• This anthology challenges what literature is expected to be whereas it shows what it does: it creates more questions than answers including the very definition of what is literature.


    • Some great, some funny, some quite poignant- that's pretty good for stories 25 words or less! The fifth star is for the curator Robert Swartwood for conception and publication. Totally worth a spin.



    • Read this in creative writing and just reread tonight. Beautiful funny and heartbreaking. Few words can say so much.


    • Many of these were genius, but some weren't really hints, and some weren't really good. Enough for four stars, but the more average stories made me question why Swartwood felt to include them. I wasn't smart enough for a handful of these (lot of cultural references) maybe these too evaded me.Final note: genius design: of the cover, the about-the-authors, and the stories too. It's a cute book, quick read.


    • As a writer, I really love the idea of being able to tell a story with only a small amount of words. This book was marketed as an experiment based on the story that was supposedly by Ernest Hemingway, "For Sale: baby shoes, never worn." I have myself always wanted to write my own six-word memoir and never have been able to write one that I felt fit perfectly. This book was more of the editor creating the hint fiction (25 words or less) with 125 stories by award-winning authors and also emerging [...]


    • Fun book. In general, I don't like the flash fiction phenomenon, but this tributary of the trend was actually enjoyable to me. The editor managed to pull together some interesting pieces from interesting people. Some juicy tidbits, for those interested.'Telling' (David Erlewine): 'At eighty five, Mort decided to tell someone about his stutter. He told orderlies, residents, nurses, visitors. He wanted a wife or a child to tell.''Witness' (Mabel Yu): 'He would remember hot oil staining the white p [...]


    • There were pretty good ones in here, but not the most moving. Might need to include happier stories in the next one (if there's a next one). Some excerpts:(view spoiler)[Polygamy by David Joseph I miss here more than the others. Mein Fuhrer by David Joseph By now I've burned pages more than I've read. Pregnancy Kit by Jennifer Haddock A drop of pee. An unanswered prayer. The second pink line draws one childhood to an end as another begins.(hide spoiler)]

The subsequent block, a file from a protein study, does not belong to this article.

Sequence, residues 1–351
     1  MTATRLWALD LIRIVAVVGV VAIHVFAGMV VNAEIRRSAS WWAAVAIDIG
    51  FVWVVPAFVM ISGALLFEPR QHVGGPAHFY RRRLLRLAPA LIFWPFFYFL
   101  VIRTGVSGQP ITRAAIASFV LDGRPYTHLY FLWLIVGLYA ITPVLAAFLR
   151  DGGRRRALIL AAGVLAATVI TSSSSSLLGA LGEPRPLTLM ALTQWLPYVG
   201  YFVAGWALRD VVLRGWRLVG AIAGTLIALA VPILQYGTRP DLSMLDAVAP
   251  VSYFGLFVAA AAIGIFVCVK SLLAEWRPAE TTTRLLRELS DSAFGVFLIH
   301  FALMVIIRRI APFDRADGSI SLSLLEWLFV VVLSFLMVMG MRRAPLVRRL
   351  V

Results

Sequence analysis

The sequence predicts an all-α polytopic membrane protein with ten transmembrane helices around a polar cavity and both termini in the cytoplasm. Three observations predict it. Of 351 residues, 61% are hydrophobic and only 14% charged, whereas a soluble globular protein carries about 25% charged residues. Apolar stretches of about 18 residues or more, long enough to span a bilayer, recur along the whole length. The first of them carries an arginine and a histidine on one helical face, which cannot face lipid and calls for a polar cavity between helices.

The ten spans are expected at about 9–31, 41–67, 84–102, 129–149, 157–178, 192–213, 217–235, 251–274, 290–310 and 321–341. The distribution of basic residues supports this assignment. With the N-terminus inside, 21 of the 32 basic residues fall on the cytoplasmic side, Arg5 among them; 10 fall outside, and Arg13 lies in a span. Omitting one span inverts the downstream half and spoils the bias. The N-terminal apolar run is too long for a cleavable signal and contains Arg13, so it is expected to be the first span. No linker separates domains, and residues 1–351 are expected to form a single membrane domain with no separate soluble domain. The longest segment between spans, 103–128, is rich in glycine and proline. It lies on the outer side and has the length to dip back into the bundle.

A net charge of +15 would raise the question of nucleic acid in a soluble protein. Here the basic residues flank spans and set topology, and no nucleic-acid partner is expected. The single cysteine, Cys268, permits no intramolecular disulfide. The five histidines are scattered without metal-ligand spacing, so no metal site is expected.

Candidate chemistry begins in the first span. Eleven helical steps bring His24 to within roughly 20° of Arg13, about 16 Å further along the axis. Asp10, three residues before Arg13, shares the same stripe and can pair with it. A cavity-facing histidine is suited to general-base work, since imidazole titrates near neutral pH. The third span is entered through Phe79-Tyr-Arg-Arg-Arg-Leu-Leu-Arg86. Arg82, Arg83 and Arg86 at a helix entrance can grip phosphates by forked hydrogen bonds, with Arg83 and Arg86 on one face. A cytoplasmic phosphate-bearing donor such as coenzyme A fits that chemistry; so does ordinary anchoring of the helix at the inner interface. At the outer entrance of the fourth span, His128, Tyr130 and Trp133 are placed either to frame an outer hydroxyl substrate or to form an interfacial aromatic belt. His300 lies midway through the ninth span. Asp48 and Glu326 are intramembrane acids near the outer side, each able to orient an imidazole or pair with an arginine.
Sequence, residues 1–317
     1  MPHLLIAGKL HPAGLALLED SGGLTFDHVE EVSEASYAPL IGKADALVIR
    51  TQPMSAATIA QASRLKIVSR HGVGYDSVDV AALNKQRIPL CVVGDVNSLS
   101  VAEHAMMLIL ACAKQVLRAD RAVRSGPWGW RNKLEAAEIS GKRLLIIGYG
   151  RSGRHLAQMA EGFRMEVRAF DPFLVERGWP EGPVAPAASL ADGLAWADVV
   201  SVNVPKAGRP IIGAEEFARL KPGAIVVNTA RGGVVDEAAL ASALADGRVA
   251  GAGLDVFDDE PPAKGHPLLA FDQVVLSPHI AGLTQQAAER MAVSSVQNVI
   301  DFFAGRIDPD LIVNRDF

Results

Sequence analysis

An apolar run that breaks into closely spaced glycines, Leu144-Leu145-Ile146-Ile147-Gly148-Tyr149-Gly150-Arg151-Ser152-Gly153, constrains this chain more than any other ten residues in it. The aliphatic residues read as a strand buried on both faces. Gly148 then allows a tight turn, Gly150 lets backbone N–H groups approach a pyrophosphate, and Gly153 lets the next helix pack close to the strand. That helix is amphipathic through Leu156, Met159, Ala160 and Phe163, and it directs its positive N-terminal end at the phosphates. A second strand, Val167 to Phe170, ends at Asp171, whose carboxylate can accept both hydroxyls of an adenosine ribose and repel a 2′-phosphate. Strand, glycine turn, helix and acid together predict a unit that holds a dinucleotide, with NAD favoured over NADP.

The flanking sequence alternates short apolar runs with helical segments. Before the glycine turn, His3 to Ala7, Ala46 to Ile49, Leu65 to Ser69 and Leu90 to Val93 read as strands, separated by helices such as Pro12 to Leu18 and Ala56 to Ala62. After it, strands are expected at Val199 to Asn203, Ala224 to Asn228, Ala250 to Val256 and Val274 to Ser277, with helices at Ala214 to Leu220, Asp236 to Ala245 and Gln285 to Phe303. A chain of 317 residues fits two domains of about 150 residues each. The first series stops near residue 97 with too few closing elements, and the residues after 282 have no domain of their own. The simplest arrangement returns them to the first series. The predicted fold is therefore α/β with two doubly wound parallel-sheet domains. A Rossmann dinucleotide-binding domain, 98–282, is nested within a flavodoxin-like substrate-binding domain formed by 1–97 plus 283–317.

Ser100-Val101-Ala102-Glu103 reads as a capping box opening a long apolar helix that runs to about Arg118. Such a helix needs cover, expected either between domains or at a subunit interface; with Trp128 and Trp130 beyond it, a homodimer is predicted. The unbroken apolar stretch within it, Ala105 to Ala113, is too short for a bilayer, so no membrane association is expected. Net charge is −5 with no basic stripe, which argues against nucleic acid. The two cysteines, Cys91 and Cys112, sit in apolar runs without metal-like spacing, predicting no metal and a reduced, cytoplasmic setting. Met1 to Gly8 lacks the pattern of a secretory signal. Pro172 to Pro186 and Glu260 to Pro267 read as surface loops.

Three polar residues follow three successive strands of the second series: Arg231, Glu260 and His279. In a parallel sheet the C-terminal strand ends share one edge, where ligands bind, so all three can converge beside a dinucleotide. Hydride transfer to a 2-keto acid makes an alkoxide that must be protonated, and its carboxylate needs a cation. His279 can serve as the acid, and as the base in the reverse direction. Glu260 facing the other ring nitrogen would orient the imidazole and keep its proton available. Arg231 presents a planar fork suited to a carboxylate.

• Heard of Hemingway's 6 word story? Hint fiction (the term was coined by author Robert Swartwood) strives to tell a story in 25 words (or less) which "hints" at a larger story. Although it isn't to everyone's taste, flash and hint fiction allow readers to open their imaginations and visualize a broader story however they choose. This neat little volume contains pieces from well-known authors Tess Gerritsen, Peter Straub, and Ha Jin as well as relatively unknown writers from all walks of life. It [...]


    • This was a fun, quick read that I found to be a fascinating idea, a thought-provoking smorgasbord of fiction. A wide stable of authors from a variety of genres took up the challenge to write a concise, self contained story in under 25 words, "hinting" at things going on behind the carefully chosen, spare narratives. I read the book on recommendation from a "flash fiction" class I took at the Loft, and I feel that such pared down writing is quite a challenging writing excercise and it was very in [...]


    • Stories in 25 words or fewer. What a concept! I love it! I have to create a passive program challenging my adult patrons to come up with their own hint fiction. Some of those in the book are a little too hard-core for more sensitive readers though"The boy would never forget the expression on his sister's face when he pulled the trigger of the rifle he thought unloaded." What did he shoot? Her? Her cat? Himself? *shudder*"The pen, which was attached to the bank counter, did not go all the way thr [...]


    • This was one of the birthday gifts from my boyfriend, and I had a hibernating day today, feeling ill and in a hiding mood, so I read it, cover to cover.And it's wonderful. Simply wonderful. Highly recommended. Some will recommend it for people who don't read much or who have limited time to read, but really, anyone can appreicate this.This is short stories, by well-known and obscure writers, in 21 words or less, but still full and complete short stories in the sense that they hint at a much larg [...]


    • HINT FICTION is a book that I'm instantly eager to reread, and it confirms my love of "shorts": six-worders, haiku, cinquain, flash fiction. Of all those genres, my favorite is hint fiction: "a story of 25 words or fewer that suggests a larger, more complex story." The implied larger story appeals to the novelist in me.My favorite in Robert Smarthood's anthology is a piece by Randall Brown called "Therapy Dog":"The autistic boy wanted to pet her head. She made herself stay, as if he rubbed out t [...]